Israel’s Strike Was Smaller Than Expected, and So Was Iran’s Reaction

The relatively limited scope of Israel’s overnight strikes on Iran, and a subdued response from Iranian officials, may have lowered the chances of an immediate escalation in fighting between the two countries, analysts said Friday.

For days, there have been fears that a forceful Israeli response to Iran’s attack on southern Israel last weekend could prompt an even more aggressive riposte from Iran, potentially turning a tit-for-tat confrontation into a wider war. Foreign leaders advised Israel to treat its successful defense against Iran’s missile barrage as a victory that required no retaliation, warning against a counterattack that might further destabilize the region.

But when it finally came early on Friday, Israel’s strike appeared less damaging than expected, allowing Iranian officials and state-run news outlets to downplay its significance, at least at first.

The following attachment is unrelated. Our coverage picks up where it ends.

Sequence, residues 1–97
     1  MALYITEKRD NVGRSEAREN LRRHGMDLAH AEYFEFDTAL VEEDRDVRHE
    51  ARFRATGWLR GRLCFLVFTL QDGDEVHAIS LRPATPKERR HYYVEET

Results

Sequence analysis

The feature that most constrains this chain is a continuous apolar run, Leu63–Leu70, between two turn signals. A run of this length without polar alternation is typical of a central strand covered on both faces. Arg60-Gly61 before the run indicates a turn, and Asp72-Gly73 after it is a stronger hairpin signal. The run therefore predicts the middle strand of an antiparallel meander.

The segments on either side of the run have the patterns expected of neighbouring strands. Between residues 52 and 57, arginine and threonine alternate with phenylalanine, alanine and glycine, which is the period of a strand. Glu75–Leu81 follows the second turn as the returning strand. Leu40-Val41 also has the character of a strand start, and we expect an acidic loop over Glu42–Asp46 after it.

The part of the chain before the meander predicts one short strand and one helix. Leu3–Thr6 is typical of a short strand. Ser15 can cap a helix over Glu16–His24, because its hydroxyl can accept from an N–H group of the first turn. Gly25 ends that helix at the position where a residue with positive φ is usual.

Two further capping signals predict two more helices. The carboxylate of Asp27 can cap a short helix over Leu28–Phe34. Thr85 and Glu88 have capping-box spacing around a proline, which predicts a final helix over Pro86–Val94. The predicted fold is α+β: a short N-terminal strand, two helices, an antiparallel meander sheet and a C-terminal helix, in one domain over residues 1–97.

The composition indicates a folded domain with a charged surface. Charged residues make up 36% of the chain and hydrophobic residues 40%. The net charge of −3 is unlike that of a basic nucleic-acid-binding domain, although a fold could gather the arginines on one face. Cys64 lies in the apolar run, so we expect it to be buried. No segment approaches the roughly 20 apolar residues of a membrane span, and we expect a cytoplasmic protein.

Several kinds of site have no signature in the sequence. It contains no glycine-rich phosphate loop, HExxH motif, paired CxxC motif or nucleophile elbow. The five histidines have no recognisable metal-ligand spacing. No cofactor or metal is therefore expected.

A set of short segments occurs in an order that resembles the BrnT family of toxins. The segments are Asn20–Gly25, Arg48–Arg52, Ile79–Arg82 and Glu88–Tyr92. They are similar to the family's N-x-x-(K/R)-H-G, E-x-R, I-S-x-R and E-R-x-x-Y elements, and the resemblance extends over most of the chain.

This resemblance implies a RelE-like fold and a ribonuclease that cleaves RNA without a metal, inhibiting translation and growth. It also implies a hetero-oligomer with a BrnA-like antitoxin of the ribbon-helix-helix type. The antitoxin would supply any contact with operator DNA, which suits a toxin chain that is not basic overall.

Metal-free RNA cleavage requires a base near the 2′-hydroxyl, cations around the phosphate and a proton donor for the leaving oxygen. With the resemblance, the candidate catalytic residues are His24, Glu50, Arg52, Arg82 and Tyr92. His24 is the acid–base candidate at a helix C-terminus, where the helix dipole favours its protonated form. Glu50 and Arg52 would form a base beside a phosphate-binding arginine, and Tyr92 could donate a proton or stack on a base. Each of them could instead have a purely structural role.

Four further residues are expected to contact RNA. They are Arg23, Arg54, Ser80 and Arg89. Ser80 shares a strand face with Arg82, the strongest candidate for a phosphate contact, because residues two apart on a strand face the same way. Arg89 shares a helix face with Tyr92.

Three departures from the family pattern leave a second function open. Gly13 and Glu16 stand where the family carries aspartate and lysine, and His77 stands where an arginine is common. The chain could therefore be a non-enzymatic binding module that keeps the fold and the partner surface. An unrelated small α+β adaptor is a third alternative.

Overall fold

Iranian officials said that no enemy aircraft had been detected in Iranian airspace and that the main attack — on a military base in central Iran — had been initiated by small unmanned drones that were likely launched from inside Iranian territory. The nature of the attack even had precedent: Israel used similar methods in an attack on a military facility in Isfahan early last year.

By sunrise, Iranian state-run news outlets were projecting a swift return to normality, broadcasting footage of calm street scenes, while officials publicly dismissed the impact of the attack. Airports were also reopened, after a brief overnight closure.

Analysts cautioned that any outcome was still possible. But the initial Iranian reaction suggested that Iran’s leaders would not rush to respond, despite warning in recent days that they would react forcefully and swiftly to any Israeli strike.

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